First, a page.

Post Content

 

Bubbling up on Facebook are links and messages from your friends, all saying “I love Southwest.” That may be true, but the details in an offer for potentially free tickets may not be all that loveable.

Your Facebook friends, perhaps after being virally tipped off to the offer from other Facebook friends, go to a link, sign up for free tickets, and are asked to “like” the page and include “I love Southwest” in the message. So, you’re news feed on Facebook includes items like this:

Facebook page redacted for blog

All this love for Southwest is interesting, so you go to check it out. You see this:

Facebook Southwest link

You answer three general demographic questions, and then you are asked to link the page on Facebook. And then you are asked for more information, including your name, address, email and phone number.

Generally, we don’t encourage consumers to give personal information, including contact information, to unknown entities. The small print on the website seen above notes your-next-flight.com runs this program. However, you can’t get to your-next-flight.com, and a Google search of “your-next-flight.com” does not get you any usable results, either.

But more of a concern for consumers should be this: Buried in the 4,254 words of terms and conditions is notice that by registering for the free tickets, you are also giving your approval to receive telemarketing calls:

“Further, by registering on the website and providing a valid cell phone number, you are expressly consenting to receive prerecorded telephone messages from Worldwide Commerce Associates (“WCA”) that include special offers from affiliated merchants. You are subscribing to receive prerecorded messages only from WCA with offers from its affiliated merchants and only at the specific number(s) you have provided to us. Your consent will be effective regardless of whether the number you have provided: (a) is a home, business, or cell phone line; and/or (b) is or will be registered on any state or federal Do Not Call list, and shall remain in effect until you revoke your consent and cancel your subscription. To unsubscribe: You may cancel your subscription and revoke your consent to receive telephone calls at any time by either (a) utilizing the opt-out procedure included in any message you receive, or (b) by calling 800-269-0281.”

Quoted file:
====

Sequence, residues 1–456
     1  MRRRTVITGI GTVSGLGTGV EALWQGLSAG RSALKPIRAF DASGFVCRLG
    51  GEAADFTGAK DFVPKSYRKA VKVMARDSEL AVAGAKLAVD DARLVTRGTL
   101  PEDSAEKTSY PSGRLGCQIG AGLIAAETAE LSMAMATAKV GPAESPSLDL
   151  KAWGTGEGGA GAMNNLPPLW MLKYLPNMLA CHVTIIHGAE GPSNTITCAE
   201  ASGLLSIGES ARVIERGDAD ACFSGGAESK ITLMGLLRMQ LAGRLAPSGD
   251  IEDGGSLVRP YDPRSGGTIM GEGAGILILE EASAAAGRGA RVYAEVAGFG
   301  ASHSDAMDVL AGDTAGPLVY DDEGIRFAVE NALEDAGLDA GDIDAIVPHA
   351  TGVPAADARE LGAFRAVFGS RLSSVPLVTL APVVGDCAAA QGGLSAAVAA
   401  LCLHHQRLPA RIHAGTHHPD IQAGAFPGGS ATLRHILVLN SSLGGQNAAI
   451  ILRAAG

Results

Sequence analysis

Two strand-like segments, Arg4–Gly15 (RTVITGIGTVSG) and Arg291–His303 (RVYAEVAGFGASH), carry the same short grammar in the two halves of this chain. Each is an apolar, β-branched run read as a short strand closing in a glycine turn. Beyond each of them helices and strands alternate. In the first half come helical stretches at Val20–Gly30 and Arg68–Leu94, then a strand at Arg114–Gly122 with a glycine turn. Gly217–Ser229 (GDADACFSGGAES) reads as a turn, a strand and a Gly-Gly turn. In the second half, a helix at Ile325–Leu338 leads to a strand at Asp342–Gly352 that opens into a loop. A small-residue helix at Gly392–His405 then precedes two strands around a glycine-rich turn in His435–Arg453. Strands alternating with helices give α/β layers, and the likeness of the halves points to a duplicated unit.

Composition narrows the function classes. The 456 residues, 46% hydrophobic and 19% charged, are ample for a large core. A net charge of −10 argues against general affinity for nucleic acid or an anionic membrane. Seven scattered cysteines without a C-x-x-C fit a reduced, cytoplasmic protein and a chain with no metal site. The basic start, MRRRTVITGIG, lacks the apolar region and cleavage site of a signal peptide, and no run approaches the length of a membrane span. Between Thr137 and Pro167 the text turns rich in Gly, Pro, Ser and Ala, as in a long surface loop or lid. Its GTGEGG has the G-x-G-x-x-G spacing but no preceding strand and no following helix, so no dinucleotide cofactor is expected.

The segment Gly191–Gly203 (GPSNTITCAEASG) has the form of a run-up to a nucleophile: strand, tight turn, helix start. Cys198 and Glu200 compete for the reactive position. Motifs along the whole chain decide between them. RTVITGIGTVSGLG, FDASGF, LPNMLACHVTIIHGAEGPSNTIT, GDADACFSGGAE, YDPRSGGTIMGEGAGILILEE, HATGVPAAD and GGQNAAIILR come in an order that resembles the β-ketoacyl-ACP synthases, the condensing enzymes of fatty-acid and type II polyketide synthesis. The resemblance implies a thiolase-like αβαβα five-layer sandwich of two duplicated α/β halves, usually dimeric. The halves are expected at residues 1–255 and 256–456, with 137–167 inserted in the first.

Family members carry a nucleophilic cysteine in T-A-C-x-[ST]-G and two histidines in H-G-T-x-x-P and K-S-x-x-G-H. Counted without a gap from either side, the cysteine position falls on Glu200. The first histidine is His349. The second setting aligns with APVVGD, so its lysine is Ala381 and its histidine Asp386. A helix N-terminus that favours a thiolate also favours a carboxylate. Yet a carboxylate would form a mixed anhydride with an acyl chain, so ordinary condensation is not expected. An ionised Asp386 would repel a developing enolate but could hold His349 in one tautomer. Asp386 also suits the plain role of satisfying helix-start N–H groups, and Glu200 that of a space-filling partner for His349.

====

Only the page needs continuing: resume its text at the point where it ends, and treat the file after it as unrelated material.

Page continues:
We cut-and-pasted the terms and conditions into a Word document, and the above notice was found at the bottom of page seven of 11 pages. It’s highly unlikely that most consumers will see this, and chances are they will start being barraged by telemarketing phone calls. At a time when consumers usually rage at inconvenient calls, chances are by signing up for these free Southwest tickets, they will want to use them to get away from unwanted telemarketing calls.

Written By:

Recent Posts

How to Combat Illegal Robocalls posted on Jul 25

How to Combat Illegal Robocalls

Robocalls have become an all-too-common nuisance for consumers. Robocalls are unsolicited, pre-recorded phone calls, often scams, which are made to consumers without their permission, as opposed to calls solicited by the consumer, such as those from pharmacies and childrens’ schools. Robocalls are illegal in Massachusetts under M.G.L. c. 159C. While consumers can, and should, sign-up -for both the state and national Do-Not-Call lists, unfortunately this does not always stop many unscrupulous solicitors and scammers from making these calls.

Summary of the 2015 Consumer Federation of America Annual Consumer Complaint Survey posted on Jul 22

The Consumer Federation of America and the North American Consumer Protection Investigators recently released the results of the 2015 Consumer Complaint Survey. This report is based on consumer information, complaints, and suggestions for increased consumer protections from 33 consumer agencies in 21 states.

Do-Not-Call Consumer & Solicitor Responsibilities posted on Jul 20

Do-Not-Call Consumer & Solicitor Responsibilities

The Massachusetts Do-Not-Call Registry allows consumers to stop receiving certain telephone solicitations simply by signing-up and providing their telephone number. Established in 2003, the law requires telephone solicitors, list-brokers, and telemarketers to register with the Office of Consumer Affairs and Business Regulation, subscribe to the Do-Not-Call Registry, and remove registered telephone numbers of consumers from their call lists.